ELDRED, NY — On Friday, March 13, Jessie and Crandall Lazar packed for what they thought might be a long weekend. Their daughter’s school in Brooklyn had shut down, so they were faced …
ELDRED, NY — On Friday, March 13, Jessie and Crandall Lazar packed for what they thought might be a long weekend. Their daughter’s school in Brooklyn had shut down, so they were faced with homeschooling in their small apartment. Through seven summers and many holidays stays, the Lazars had built an enduring affection for their vacation home in Yulan. It was cozy and built for four seasons; just after their daughter was born, they had spent the winter months. Jessie is a pottery artisan and Crandall is a film and video editor; both could work remotely.
“I’ve met a lot of others who came up until COVID blew over, but here we are eight months later and it’s been fabulous. It was a hard choice to commit to doing school up here, but it was scary to be in Brooklyn for what might be a second wave. I sublet my shop in Redhook and needed a place to work, not necessarily a store to sell from. While there’s lots of empty space around, I realized you need to drive to Narrowsburg or Livingston Manor to find a retail shop. So, why not rent a store in Eldred, where I can make some money selling my own work?”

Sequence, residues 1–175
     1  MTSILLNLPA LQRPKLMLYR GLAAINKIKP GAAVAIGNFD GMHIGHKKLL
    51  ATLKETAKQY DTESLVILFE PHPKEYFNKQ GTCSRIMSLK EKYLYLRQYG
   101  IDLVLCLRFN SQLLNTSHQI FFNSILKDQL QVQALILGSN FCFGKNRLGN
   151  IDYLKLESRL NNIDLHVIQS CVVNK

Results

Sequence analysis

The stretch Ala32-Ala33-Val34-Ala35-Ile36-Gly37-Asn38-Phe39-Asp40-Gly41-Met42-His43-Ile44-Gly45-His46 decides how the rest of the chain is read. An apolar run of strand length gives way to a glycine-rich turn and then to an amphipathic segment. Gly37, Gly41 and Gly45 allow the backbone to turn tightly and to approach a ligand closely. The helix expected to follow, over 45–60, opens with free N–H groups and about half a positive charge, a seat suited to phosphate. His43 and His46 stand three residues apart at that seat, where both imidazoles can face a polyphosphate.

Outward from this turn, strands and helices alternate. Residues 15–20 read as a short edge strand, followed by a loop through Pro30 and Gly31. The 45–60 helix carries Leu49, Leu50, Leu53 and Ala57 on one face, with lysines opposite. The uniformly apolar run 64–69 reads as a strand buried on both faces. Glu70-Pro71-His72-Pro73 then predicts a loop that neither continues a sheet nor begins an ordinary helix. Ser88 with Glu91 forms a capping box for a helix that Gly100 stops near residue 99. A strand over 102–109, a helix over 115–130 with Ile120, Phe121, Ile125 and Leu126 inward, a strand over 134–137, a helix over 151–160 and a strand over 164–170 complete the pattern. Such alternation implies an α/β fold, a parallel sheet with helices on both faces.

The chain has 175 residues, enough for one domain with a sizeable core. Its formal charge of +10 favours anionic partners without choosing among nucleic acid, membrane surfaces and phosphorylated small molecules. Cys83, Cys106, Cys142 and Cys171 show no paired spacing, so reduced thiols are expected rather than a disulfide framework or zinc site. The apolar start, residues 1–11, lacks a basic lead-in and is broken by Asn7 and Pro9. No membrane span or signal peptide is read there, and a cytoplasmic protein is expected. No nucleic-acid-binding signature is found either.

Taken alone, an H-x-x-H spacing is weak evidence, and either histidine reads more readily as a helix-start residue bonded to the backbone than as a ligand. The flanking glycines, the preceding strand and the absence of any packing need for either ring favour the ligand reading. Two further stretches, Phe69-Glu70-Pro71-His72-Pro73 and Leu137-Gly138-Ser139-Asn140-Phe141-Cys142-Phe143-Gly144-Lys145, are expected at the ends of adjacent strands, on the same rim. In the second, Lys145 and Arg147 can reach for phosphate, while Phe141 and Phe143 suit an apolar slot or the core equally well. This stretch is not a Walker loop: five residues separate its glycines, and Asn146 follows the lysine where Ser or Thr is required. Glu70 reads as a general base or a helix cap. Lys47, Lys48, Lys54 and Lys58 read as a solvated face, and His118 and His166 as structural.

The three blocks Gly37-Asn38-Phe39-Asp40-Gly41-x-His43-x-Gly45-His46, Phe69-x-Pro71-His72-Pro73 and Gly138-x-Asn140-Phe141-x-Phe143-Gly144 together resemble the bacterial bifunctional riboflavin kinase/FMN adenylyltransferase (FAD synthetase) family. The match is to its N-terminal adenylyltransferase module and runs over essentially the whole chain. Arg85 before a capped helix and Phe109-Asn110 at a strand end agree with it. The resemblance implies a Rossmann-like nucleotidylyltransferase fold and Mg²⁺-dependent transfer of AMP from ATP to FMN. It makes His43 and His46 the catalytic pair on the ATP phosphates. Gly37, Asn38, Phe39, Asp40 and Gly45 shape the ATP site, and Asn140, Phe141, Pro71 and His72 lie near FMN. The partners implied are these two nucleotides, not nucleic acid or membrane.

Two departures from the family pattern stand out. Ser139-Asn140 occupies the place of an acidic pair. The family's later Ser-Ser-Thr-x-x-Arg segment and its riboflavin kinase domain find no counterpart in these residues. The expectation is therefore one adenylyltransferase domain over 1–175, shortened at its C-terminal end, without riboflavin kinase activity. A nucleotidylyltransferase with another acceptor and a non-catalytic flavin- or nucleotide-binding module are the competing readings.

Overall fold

Jessie has joined a growing community of pottery artisans centered in the Barryville-Eldred area. Nonneta and Friends Creative, Hillside Studios, Sunshine Studios and Terry’s Ceramic shop are all with a five-mile radius. She has received a warm welcome, since opening her shop last summer.
“People stop into the shop pretty regularly, and hundreds wished me well on the local website. Some of the local potters have come in to welcome me, and that’s been great. In fact, Nona has been my friend for 20 years; we took our first pottery classes together. Each of us in the area has their own voice, style and business model. For example, Nona is offering classes and Hillside Studio is more about ceramic art than function. My own work reflects mid-century design; I like clean, simple forms without decoration. It takes up to a month to go from a lump of wet clay to a finished piece; and the bulk of my business is wholesale.”
Jessie described her experience here as an adventure, and rather like making lemonade. “We’re still dealing with being displaced by COVID. Our interests have been nuclear-family based, but we hope to become more of a part of the larger community.”